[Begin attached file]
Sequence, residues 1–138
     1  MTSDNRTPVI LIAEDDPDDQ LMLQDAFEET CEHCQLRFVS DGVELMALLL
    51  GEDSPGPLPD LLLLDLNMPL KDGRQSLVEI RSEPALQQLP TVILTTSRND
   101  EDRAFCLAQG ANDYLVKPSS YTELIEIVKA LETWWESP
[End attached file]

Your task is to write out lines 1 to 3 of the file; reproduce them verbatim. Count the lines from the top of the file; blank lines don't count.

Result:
Sequence, residues 1–138
     1  MTSDNRTPVI LIAEDDPDDQ LMLQDAFEET CEHCQLRFVS DGVELMALLL
    51  GEDSPGPLPD LLLLDLNMPL KDGRQSLVEI RSEPALQQLP TVILTTSRND